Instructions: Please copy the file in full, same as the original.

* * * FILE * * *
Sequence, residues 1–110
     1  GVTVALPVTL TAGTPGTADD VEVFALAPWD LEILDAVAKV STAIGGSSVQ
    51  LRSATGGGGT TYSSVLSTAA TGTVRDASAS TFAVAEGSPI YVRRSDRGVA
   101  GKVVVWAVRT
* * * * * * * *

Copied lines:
Sequence, residues 1–110
     1  GVTVALPVTL TAGTPGTADD VEVFALAPWD LEILDAVAKV STAIGGSSVQ
    51  LRSATGGGGT TYSSVLSTAA TGTVRDASAS TFAVAEGSPI YVRRSDRGVA
   101  GKVVVWAVRT